Since May 2019, there have been 72 co-options onto local government. Some of these co-options have been due to members being appointed or elected to this House or the Dáil, while others have resulted from vacancies arising from workload involved in being a councillor. Good people are being lost to local government because of our failure to support them as they deserve in accessing a living wage. It is impossible for young councillors to stay in local politics. The wage is paltry and the job is temporary. It is impossible to obtain a mortgage, car loan or any form of finance in that situation. In recent years, the media have announced more than six pay increases nationally for councillors but, in fact, none have been delivered.

The financial imbalance between Deputies on six figure salaries and councillors on pocket money may suit the local Deputy in terms of dominating his or her constituency. The dual mandate may have been abolished but, in reality, it lives on. The local Deputies and Senators in waiting for the national ticket must remember what their role is; it is a national role. The go-to person on local matters for the general public should always be the councillor. However, the minute any funding is announced, the national politician is the first to claim credit for it. There are ten Senators who had their office granted to them as a gift from their political masters in Cabinet. The master of the local politician or county or city councillor is the ordinary citizen.

I note that Fine Gael has tabled several amendments to the motion. It is worth noting that Fianna Fáil, the Green Party and the Labour Party, which claims to be the party of the working person, have not put down any amendments. They have remained silent on the issue. Just like in December, they had an opportunity to include councillors' pay in the budgetary expenditure but they opted not to do so. I reject amendment No. 3 on the basis that councillors cannot wait until December 2021 for action to be taken. They have waited for long enough.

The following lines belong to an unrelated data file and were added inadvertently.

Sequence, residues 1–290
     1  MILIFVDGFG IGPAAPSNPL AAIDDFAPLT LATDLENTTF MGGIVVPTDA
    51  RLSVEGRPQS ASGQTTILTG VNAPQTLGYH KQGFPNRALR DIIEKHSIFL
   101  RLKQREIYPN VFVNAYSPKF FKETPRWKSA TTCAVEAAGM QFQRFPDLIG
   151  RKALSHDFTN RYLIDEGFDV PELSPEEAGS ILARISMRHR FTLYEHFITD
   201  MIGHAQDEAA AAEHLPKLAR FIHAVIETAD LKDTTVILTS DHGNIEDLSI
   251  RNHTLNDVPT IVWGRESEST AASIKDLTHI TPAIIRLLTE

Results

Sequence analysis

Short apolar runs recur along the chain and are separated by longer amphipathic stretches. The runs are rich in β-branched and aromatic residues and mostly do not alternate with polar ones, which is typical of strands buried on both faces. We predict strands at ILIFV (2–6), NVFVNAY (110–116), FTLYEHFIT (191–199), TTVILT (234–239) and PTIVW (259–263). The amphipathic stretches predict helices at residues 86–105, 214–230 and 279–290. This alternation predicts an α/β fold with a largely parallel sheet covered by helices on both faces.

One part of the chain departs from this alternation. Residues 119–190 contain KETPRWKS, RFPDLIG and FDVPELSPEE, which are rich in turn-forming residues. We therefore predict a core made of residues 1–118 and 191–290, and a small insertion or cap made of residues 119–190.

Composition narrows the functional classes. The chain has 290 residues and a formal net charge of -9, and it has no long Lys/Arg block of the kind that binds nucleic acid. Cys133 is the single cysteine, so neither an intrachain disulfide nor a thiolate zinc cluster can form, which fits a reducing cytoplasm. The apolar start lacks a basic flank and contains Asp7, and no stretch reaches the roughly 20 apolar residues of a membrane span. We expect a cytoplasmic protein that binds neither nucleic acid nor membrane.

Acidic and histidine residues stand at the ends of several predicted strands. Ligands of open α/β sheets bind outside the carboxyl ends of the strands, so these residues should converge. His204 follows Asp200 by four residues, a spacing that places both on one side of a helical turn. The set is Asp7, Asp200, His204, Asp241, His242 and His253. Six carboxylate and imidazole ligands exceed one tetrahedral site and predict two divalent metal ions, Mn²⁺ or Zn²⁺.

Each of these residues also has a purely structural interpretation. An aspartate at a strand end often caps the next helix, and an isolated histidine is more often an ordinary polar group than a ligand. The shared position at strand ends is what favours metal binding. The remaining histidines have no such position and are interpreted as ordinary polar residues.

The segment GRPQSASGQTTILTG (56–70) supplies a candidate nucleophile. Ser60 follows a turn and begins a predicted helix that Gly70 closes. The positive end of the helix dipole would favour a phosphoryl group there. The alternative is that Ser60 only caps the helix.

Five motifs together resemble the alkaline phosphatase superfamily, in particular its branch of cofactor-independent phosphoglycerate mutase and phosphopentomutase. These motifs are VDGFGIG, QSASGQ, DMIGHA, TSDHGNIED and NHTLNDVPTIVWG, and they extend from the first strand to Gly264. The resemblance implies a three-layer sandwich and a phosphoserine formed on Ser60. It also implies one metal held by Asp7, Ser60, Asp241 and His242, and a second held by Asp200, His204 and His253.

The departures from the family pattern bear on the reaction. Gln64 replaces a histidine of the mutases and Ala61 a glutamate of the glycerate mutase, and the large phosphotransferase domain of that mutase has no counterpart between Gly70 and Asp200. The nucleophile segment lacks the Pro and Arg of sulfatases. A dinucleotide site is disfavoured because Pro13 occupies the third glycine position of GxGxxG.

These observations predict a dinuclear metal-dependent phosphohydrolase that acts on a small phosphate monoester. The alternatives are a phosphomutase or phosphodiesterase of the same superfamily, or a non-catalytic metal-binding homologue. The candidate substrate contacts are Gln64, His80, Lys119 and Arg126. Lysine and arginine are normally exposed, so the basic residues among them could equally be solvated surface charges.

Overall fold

On the issue of maternity leave, paternity leave and other forms of statutory leave that are currently unavailable to councillors, it is important that local authorities look at the provision of childcare in-house. We must remove barriers to the entry of women into politics. Amendment No. 1 speaks to the national issue of the inadequate provision of childcare by the State.

The Minister of State, Deputy Burke, who is present, the Minister for Housing, Local Government and Heritage, Deputy Darragh O'Brien, and the Minister for Public Expenditure and Reform, Deputy Michael McGrath, have been dancing around the fire of councillors' pay for the past eight months and, indeed, for the past six years. I have asked for their views on the Moorhead report. I have asked for a meeting with the Taoiseach on the subject of councillors' pay. He passed the buck back to the Minister, Deputy O'Brien.The Minister has told me that it is within the gift of the Minister for Public Expenditure and Reform, Deputy Michael McGrath, to sanction the pay increase for councillors. I want to know what recommendations went from the Department of Housing, Local Government and Heritage to the Minister, Deputy McGrath. Every councillor in this country wants to know if this Government values them to the tune of more than €17,600 a year.

All councillors are motivated by the same thing, namely, a commitment to their communities. Councillors have a multifaceted role and all they want is a living wage. Please give it to them.